Space

Deep Space Industries partners with Luxembourg to test asteroid mining technologies

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Deep Space Industries, the asteroid mining company, has signed a Memorandum of Understanding with the Luxembourg Government to co-fund the development and launch of DSI’s first spacecraft. Known as Prospector-X, the small spacecraft will test key technologies in Low Earth Orbit that will be necessary for future asteroid prospecting.

Prospector-X / Image courtesy of Bryan Versteeg/Deep Space Industries
Prospector-X / Image courtesy of Bryan Versteeg/Deep Space Industries

The agreement is a small, but important step toward developing the technologies necessary to enable the potentially very lucrative business of asteroid mining.

“Our promising cooperation with DSI within the spaceresources.lu initiative clearly demonstrates the strong commitment of the Luxembourg Government to support the exploration and future use of space resources.” Étienne Schneider, Luxembourg Deputy Prime Minister and Minister of the Economy

Back in February, Luxembourg became the first European country to announce their intention to establish the necessary legal and regulatory framework required for in-space commercial mining activities.

The U.S. had gone even further last year when President Obama signed the U.S. Commercial Space Launch Competitiveness Act (CSLCA). CSLCA states that U.S. companies are entitled to maintain property rights of resources they’ve obtained from outer space, providing companies like DSI and Planetary Resources regulatory peace of mind.

Prospector-X / Image courtesy of Bryan Versteeg/Deep Space Industries
Prospector-X / Image courtesy of Bryan Versteeg/Deep Space Industries

In Luxembourg’s February announcement they mentioned that they were considering investing in already-established asteroid mining companies like DSI and Planetary Resources.

Today, Luxembourg begins a partnership with DSI, and they’re already planning to work with others, stating that “separate negotiations to formalize our relationship with other companies active in this field are underway.”

Planetary Resources seems like a likely contender, considering they already launched their first spacecraft in July of 2015 in order to test their own asteroid prospecting technologies.

DSI, which has an office in the NASA Ames Research park and has worked with NASA through several contracts, will open up a second location in Luxembourg.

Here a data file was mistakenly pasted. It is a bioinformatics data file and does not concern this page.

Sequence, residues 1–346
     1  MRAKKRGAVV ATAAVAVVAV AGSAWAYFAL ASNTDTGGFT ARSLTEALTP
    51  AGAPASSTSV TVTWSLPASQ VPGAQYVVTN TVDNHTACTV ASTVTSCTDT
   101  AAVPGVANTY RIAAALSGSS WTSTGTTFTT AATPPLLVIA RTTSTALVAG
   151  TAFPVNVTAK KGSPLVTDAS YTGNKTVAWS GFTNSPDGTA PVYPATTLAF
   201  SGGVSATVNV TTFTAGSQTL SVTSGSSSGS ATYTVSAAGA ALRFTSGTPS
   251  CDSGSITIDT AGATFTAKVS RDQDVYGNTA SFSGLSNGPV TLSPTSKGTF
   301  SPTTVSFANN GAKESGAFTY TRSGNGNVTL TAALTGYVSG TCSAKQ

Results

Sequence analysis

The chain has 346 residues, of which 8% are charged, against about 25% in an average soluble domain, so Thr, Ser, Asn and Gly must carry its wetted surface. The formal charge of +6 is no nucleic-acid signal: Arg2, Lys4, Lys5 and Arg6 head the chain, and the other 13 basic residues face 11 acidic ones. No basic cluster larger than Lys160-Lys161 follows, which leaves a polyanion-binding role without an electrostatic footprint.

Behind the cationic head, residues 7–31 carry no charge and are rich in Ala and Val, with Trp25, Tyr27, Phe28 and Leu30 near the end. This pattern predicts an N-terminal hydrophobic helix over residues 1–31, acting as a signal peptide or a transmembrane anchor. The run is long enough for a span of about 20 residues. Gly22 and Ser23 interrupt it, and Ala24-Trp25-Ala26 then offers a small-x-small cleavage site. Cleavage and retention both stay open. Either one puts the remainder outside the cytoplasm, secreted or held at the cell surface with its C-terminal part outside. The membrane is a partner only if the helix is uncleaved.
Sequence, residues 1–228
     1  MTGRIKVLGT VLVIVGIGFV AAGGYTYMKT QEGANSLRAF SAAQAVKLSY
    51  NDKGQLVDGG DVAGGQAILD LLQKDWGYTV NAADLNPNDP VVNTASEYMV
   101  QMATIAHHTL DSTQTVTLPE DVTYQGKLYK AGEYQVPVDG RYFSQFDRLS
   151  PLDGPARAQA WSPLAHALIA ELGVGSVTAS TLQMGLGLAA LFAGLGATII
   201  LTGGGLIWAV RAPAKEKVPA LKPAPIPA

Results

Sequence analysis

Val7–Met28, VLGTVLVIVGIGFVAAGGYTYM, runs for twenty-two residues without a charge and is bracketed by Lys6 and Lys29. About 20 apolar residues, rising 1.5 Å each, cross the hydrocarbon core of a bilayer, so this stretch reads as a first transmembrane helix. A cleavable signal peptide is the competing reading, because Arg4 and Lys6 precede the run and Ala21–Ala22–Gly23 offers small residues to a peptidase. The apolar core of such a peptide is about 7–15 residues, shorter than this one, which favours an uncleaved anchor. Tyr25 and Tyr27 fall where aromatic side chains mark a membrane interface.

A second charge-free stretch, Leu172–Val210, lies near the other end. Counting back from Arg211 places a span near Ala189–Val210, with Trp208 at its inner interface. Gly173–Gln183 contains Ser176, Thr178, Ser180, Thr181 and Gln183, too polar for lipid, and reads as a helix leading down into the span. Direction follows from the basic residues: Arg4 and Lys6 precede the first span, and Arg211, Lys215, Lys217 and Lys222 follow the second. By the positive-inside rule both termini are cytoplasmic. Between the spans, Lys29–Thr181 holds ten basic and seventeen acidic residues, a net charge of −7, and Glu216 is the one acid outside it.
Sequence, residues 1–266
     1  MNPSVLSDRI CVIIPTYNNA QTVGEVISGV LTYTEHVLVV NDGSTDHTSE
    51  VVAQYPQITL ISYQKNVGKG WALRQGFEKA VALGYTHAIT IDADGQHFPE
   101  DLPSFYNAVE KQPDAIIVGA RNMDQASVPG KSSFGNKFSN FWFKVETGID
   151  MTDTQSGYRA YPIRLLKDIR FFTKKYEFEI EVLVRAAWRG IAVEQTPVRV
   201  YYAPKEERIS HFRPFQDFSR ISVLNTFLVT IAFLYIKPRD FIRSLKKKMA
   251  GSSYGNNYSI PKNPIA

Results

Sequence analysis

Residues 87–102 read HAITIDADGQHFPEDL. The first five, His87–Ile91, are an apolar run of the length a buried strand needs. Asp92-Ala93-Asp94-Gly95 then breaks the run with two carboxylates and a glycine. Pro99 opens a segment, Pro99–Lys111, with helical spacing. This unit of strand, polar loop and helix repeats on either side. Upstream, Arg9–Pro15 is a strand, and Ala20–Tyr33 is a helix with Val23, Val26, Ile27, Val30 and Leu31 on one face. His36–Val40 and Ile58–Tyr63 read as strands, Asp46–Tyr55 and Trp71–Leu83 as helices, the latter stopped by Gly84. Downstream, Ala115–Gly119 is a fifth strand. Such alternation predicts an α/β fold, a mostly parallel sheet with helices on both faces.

While parts of the spacecraft are currently under development, DSI will work with Luxembourg to complete the full system. Prospector-X will be built and tested at both locations.

Prospector-X / Image courtesy of Deep Space Industries
Prospector-X / Image courtesy of Deep Space Industries

Rick Tumlinson, Chairman of the Board of DSI, told TechCrunch that one of the key technologies that will be tested on Prospector-X is an electrothermal thruster named Comet-1.

While Tumlinson wasn’t giving away many details, he notes that it’s a very advanced type of thruster that uses water as its propellant. He noted that advancing this technology would be of great benefit to the space industry, especially if a company could find a way to harvest water from asteroids.

DSI, of course, hopes to be that company.

In general, asteroid mining involves harvesting resources that will either be kept in space – asteroids could be made into gas stations for traveling spacecraft, for example – or with the intent of bringing these resources back down to the ground to sell on Earth.

“We are going out to places that are dead and deadly, and we’re harvesting the stuff of life so that humanity can go out there and live and explore.” Rick Tumlinson, Chairman of the Board, DSI

For now, DSI is focusing on harvesting water from asteroids for in-space applications like providing fuel for other spacecraft. This activity also ties nicely into their goal of perfecting a rocket thruster that requires water as propellant.

Tumlinson likened their plan to the oil industry saying, “It’s almost as if we were drilling for the first oil and we were developing the internal combustion engine.”

DSI has plans to harvest valuable metals and gasses from asteroids as well.

However, asteroid mining technologies will take years to develop, so deriving revenue from harvested asteroid materials isn’t likely to happen in the near future. In the meantime, DSI plans to make money by selling the technologies and spacecraft capabilities they develop in the process.

“Part of the beauty of what we’re doing is that the thruster and the other technologies and capabilities that we’re demonstrating are applicable to the space market right now.” Rick Tumlinson, Chairman of the Board, DSI

After Prospector-X flies in Low Earth Orbit, DSI plans to launch their next spacecraft, Prospector-1 on a mission to an asteroid. Estimated to launch in four years, Prospector-1 will return information about the asteroid’s composition and what Tumlinson referred to as “diggability” (essentially how easy the asteroid would be to mine).

Down the road, Tumlinson said that multiple Prospector-1 spacecraft could be sent to different asteroid candidates in order to identify appropriate mining locations.

The business of asteroid mining certainly holds a lot of promise. Many asteroids have water ice that can be harvested to create rocket fuel. Others contain useful metals that are considered rare here on Earth. The value of asteroids is unquestionable. Extracting that value in a cost-effective way, however, is the part humanity hasn’t quite figured out yet.

Companies like DSI and Planetary Resources are making the bet that their technologies and business plans will ultimately bring them to the goldmine of asteroids. We’ll just have to wait a awhile to see they’re right.

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